If you want to crawl inside a hole when someone next to you is chewing or slurping, you may have a condition known as misophonia- a heightened sensitivity to some noises.
Even though being part of the unlucky 20 percent of individuals with this condition may not seem appealing, there are some good news associated with it.
According to research team from Northwestern University, people who’re very sensitive to some sounds are considered more creative than others who’re not.
The more influenced the people were by these sounds, the greater their chance of scoring high scores on creativity tests, concluded the study.
A Creative Genius, Really?
So, the next time you’re with someone who’s slurping on their chicken soup, breathe deeply and remember this study.
You may not have it easy as a creative genius, but brace yourself-you can do it!
Misophonia has been recognized as a condition since 2000; however, the research into it has been scarce.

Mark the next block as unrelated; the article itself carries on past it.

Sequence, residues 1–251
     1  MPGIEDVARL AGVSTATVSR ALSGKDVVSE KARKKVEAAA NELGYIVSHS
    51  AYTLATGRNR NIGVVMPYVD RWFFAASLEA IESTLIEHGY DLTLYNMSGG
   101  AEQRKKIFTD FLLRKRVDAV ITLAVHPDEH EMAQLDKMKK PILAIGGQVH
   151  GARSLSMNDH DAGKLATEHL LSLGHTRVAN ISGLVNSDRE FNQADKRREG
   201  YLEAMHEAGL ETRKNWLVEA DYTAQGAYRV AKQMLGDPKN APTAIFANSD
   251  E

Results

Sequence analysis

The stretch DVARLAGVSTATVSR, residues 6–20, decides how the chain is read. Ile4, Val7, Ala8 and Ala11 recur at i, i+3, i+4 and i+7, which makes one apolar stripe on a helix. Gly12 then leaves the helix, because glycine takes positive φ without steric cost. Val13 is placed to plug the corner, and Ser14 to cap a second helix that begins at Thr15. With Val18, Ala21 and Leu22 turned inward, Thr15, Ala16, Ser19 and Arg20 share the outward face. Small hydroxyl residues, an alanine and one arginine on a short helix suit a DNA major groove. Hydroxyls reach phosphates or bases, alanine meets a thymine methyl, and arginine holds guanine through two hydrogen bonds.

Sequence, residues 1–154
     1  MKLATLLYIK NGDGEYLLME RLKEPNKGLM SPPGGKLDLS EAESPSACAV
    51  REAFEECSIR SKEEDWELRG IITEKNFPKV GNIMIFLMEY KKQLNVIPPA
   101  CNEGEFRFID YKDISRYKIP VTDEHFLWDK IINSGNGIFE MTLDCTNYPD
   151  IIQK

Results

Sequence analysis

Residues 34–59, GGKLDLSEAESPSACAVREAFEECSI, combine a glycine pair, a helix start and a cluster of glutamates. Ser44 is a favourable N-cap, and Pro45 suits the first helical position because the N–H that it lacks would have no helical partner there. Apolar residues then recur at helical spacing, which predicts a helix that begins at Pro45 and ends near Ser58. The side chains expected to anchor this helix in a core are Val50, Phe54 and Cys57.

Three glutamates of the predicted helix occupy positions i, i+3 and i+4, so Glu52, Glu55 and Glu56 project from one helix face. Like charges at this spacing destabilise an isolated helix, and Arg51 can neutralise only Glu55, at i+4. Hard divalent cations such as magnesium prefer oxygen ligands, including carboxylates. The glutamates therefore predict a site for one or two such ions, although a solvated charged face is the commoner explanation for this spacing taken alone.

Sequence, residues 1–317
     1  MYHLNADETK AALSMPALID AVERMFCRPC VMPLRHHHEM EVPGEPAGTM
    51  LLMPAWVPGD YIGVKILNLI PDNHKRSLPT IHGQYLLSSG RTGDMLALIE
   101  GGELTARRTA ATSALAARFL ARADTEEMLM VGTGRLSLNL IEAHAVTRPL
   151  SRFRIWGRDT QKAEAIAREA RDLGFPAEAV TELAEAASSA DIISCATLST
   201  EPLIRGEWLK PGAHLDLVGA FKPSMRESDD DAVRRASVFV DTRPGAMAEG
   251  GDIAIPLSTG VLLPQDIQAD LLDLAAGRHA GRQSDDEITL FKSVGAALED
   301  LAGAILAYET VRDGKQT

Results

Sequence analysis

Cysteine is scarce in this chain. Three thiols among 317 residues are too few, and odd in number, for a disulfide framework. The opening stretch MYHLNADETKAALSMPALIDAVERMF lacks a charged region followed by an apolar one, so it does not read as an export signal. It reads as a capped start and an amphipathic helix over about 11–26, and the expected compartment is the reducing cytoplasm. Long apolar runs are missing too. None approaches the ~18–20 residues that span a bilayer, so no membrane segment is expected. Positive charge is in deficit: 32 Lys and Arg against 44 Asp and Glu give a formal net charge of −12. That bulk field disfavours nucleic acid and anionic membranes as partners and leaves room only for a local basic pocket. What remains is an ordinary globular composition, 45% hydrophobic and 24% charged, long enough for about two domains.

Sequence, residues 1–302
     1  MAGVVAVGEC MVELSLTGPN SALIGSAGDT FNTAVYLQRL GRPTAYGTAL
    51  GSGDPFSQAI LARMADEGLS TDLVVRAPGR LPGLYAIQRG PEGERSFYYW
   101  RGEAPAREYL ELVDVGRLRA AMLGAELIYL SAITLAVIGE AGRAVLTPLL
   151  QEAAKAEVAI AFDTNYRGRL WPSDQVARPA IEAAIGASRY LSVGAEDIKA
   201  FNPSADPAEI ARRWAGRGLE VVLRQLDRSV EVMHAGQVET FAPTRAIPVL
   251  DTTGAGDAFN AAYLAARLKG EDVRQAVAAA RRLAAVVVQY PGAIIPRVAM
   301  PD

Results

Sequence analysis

In 2017 however; the team from Newcastle University in the UK discovered that some changes in the frontal lobe of the brain are responsible for our reaction to sounds in case we have this particular condition.
For the purposes of the study, the 20 volunteers who were known to be highly annoyed by chewing sounds were exposed to neutral and repetitive sounds like a boiling kettle, baby’s cry, breathing noises, and loud chewing, among others.
When their physiological and neurological responses were compared with the responses of that from the control group, those from the test group had higher heart and skin conductivity.
The brain scans discovered a distinction in their neurology- the people with misophonia had higher activity in some brain regions, unlike those who didn’t have this condition.
The researchers point out that the people with this condition have brains that find it harder to manage the messages linked with some sounds.
Do I Have Misophonia?
Even though we all may occasionally feel disgusted at the sound of someone’s chewing, having this condition will make this situation seem unbearable because of the link with our brain’s fight or flight response.